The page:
In Depth

What Budget 2017 means for your wallet

If you are self-employed or earn dividends from investments, you could be hit with a tax hike

 Chancellor Philip Hammond issued his first Budget this week. Here's how it could affect your wallet.

1. National insurance

If you are self-employed the amount of National Insurance you pay is going to rise from April 2018. The rate will increase by one percentage point to ten per cent - then in April 2019 it will rise again to 11 per cent.

This is expected to cost the average self-employed worker an extra £31 a year. Employed people will continue to pay National Insurance at 12 per cent.

It remains to be seen whether this policy will survive a back-bench Tory rebellion and a vote on the measure has been delayed until the autumn.

2. Dividend tax

The amount of money you can earn from dividends before tax is due is being slashed. From April 2018 it will fall from £5,000 to £2,000 a year.

The dividend allowance was generous and meant an investor could hold around £150,000 in shares before they paid dividend tax, according to Les Cameron from Prudential. The change will mean you can hold around £60,000 in shares without having to pay dividends, depending on the yield on your shares.

However, the ISA allowance rises to £20,000 from 6 April and dividends earned within an Isa are free from tax so most investors will still be able to avoid paying.

3. NS&I savings bond

The Chancellor also used the Budget to reveal details of a new National Savings & Investment bond. The account will be available from April and will pay 2.2 per cent on savings up to £3,000.

Your money will be locked away for three years and the interest will be subject to tax unless it falls within your Personal Savings Allowance.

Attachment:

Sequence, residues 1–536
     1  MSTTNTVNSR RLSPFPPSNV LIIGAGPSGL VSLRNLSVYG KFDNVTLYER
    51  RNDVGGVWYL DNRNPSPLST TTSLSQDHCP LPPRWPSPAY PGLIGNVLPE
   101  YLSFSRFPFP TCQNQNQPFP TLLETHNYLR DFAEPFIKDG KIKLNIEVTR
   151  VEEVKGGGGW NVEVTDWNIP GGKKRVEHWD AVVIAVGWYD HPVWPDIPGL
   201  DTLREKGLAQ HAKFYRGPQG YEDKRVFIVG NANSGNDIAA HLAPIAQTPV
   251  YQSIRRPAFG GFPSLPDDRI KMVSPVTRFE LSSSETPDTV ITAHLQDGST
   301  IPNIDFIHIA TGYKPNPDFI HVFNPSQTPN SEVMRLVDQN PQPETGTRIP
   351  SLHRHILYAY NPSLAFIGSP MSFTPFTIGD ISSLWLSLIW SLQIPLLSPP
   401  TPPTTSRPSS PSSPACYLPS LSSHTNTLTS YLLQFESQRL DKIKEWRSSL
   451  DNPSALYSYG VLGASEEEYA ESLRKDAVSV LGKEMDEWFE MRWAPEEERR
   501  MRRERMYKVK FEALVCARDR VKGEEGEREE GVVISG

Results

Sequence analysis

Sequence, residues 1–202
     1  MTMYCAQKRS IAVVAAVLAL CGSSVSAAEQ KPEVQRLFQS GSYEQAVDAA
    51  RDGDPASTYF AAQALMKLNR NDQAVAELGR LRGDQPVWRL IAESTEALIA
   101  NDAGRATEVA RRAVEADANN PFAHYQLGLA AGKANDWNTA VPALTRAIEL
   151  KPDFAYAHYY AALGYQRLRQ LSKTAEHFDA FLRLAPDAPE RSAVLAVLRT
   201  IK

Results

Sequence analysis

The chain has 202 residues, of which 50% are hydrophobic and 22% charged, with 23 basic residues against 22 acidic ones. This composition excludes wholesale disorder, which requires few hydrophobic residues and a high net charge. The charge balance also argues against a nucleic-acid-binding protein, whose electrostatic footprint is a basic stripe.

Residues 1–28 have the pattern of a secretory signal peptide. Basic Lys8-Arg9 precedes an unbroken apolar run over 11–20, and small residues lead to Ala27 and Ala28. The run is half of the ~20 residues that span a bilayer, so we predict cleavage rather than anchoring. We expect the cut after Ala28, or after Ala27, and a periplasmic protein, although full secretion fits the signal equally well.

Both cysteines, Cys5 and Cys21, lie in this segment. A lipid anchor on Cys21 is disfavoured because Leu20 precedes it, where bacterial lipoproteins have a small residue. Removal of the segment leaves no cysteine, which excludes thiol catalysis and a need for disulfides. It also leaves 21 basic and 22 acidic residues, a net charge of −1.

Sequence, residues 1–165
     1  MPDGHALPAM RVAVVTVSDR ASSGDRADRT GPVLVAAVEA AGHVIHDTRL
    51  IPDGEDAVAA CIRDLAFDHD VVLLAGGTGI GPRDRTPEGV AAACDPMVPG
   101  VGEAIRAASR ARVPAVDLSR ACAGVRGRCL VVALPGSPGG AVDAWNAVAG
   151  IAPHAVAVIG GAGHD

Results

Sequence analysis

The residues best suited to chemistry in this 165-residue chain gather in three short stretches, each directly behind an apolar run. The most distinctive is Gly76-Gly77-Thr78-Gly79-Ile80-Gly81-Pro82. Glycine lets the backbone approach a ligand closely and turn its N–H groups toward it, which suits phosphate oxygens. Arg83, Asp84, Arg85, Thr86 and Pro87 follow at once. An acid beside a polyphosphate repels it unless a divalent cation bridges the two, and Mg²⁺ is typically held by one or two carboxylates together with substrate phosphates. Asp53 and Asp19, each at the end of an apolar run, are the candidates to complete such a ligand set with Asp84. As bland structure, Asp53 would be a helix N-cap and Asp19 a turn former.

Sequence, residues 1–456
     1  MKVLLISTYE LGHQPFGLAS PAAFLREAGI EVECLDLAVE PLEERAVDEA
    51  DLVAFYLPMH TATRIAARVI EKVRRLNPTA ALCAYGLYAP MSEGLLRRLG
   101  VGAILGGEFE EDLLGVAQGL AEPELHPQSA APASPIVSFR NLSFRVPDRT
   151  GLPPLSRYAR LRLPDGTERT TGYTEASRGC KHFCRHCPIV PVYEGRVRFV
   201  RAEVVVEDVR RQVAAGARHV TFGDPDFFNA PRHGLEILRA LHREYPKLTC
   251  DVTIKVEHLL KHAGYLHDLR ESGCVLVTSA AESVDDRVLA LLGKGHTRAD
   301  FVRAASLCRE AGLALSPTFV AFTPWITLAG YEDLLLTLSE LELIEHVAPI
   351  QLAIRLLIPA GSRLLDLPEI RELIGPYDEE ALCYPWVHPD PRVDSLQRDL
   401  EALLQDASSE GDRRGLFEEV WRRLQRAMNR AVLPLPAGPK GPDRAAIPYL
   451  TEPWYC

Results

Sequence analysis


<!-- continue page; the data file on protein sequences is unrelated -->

The interest rate has been met with disappointment from the finance industry, where there had been hope the Chancellor would use the bond to give savers a break from pitiful interest rates.

The new bond would pay just £6 more a year than is already available on the open market, according to Anna Bowes of SavingsChampion.co.uk.

4. Income tax

The amount you can earn before income tax is due will rise by £500 to £11,500 from 6 April. This should mean thousands of people, especially pensioners, no longer have to pay income tax. Mr Hammond also confirmed plans to increase the personal allowance to £12,500 by 2020.

The threshold for higher-rate income tax will also rise from £43,000 to £45,000.

5. State pension

The Chancellor confirmed that the state pension will rise by 2.5 per cent from April. Anyone who receives the flat-rate pension will see a £3.90 increase to their payments up to £159.55 a week.

6. Financial jargon

Hammond also announced that he will be giving regulators extra powers to fine companies that use complex financial jargon to confuse customers and trick them into signing up for products or services they don’t actually want.

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